Remembering the Charlotte Rachel Wilson Apartments
decades, the Seminary provided housing for married students and
families in the Charlotte Rachel Wilson (CRW) apartments, formerly known
as the Princeton Windsor Apartments (PW). Today, those buildings are
being replaced with new apartments for family housing that will open
next fall. We asked readers: How did living in PW/CRW contribute to your
experience at Princeton Seminary? We received many answers, but could
not include them all, either because of space or because memories were
about living in other places. All responses are in inSpire online.
I loved living in CRW. We only needed one car because there was a bus. I stayed fit in the pool and through exercise classes in the center. I studied for my comps there, and got my food there through the food co-op. I saw my classmates frequently, which moderated some of the competitiveness of the program. And when my parents visited, they treated us to lunch at the Greek diner!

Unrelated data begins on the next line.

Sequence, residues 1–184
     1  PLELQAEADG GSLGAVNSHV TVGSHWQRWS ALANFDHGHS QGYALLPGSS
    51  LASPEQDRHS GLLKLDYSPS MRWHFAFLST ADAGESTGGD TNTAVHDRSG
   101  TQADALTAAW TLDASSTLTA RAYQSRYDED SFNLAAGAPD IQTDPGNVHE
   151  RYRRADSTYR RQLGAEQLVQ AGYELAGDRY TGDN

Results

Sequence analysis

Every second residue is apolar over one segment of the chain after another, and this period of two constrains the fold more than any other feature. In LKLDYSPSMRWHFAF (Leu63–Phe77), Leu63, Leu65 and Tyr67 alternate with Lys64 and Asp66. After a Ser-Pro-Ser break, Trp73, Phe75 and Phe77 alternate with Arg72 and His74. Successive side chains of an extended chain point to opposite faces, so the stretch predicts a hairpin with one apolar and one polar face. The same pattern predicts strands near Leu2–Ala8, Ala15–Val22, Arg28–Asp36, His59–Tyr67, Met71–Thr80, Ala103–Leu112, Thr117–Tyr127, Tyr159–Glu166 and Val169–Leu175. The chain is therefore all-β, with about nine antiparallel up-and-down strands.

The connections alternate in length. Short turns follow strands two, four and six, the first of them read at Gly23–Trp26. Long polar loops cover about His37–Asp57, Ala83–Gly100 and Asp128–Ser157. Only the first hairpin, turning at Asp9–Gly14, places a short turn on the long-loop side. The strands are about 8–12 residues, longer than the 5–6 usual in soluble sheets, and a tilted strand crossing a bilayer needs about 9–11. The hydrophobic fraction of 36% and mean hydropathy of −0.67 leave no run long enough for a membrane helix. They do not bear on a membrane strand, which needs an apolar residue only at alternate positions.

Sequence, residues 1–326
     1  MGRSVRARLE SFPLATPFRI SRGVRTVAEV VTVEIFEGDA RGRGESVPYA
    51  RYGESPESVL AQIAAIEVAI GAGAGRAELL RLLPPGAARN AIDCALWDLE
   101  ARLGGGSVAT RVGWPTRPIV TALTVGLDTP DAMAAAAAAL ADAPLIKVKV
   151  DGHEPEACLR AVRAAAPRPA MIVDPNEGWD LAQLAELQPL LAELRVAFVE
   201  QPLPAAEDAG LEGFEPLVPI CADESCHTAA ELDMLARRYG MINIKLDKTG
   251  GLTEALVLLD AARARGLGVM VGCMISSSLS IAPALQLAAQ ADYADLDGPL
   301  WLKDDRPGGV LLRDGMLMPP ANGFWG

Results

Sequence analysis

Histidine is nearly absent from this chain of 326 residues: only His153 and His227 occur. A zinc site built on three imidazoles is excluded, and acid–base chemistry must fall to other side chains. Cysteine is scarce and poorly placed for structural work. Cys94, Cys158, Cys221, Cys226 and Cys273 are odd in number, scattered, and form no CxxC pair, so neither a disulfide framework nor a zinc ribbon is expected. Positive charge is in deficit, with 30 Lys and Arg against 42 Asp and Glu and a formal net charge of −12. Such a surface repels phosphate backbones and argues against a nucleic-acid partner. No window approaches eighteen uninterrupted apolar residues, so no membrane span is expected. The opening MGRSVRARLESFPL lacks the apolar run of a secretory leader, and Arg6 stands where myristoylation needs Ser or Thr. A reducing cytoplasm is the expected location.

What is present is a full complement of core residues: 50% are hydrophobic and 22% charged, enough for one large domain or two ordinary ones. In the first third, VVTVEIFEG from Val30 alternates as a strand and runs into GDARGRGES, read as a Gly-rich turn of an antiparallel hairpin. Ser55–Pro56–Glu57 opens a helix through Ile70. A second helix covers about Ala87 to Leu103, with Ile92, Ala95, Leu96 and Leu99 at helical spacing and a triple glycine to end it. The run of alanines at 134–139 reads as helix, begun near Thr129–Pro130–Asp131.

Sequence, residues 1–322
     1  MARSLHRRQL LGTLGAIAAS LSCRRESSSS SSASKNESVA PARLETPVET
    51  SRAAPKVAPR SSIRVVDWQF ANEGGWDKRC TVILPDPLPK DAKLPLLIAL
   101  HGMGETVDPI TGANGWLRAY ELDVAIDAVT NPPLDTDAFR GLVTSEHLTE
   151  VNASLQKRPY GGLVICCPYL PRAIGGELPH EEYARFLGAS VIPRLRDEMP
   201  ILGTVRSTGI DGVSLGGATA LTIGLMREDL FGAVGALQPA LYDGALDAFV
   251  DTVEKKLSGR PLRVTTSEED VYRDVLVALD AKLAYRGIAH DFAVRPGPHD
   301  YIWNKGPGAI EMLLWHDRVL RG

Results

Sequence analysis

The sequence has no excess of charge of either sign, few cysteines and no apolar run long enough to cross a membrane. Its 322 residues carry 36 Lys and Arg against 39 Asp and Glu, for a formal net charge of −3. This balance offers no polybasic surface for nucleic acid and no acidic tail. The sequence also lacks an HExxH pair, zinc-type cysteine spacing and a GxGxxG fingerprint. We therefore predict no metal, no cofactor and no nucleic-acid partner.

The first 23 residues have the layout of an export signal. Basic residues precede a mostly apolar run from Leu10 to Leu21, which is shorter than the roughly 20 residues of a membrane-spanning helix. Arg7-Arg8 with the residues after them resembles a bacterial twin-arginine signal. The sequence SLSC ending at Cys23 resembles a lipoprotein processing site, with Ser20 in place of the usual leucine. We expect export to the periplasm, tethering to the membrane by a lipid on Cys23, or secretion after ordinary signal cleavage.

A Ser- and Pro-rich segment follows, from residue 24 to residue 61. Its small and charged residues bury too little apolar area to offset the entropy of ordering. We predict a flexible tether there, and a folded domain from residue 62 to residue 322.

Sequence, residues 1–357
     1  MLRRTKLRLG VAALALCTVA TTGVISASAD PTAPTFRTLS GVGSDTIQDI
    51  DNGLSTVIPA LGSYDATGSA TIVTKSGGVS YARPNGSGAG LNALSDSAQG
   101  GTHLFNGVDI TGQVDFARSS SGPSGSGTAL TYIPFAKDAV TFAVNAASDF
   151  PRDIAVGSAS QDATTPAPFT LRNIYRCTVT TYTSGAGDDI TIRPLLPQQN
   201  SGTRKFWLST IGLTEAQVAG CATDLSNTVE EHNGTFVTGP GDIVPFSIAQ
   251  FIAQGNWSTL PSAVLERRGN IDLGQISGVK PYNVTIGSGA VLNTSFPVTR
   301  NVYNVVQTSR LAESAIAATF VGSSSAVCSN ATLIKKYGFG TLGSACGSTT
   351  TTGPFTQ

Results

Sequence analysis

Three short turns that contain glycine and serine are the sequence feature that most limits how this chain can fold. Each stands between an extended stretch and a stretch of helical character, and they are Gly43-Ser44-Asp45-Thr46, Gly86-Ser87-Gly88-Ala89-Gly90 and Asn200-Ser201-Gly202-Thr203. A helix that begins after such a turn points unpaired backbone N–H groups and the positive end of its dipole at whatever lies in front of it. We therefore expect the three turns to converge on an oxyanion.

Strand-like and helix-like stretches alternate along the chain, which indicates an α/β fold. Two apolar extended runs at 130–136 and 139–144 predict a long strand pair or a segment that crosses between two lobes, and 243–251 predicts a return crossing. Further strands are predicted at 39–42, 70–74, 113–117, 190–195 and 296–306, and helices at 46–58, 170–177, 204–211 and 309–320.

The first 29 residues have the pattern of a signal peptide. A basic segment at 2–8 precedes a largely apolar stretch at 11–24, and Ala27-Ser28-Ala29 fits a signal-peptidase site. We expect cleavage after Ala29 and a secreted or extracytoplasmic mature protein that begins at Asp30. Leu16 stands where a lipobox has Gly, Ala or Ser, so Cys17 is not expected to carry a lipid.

Linda Mercadante (Ph.D., 1986)
In a word, CRW was the best part of my PTS experience. PTS is an excellent institution where my faith was stretched, encouraged, and strengthened. From its outstanding professors to its challenging material, it prepared me for the pastorate like few seminaries would. However, looking back, the highlight, without question, was my experience as a resident of CRW. Living alongside other married students, getting to know their families, caring for each other’s children, truly living life together, was the most formative component of my ministry preparation. Each year, I get together with a group of my Seminary colleagues. We encourage each other in our ministries, ask tough questions, and have fun. We learned to do that at CRW. I wish everyone’s experience at PTS could be as positive, and I hope and pray the new married student housing will facilitate that for many. But please, no pink bathrooms!
Don Coleman (M.Div., 2007)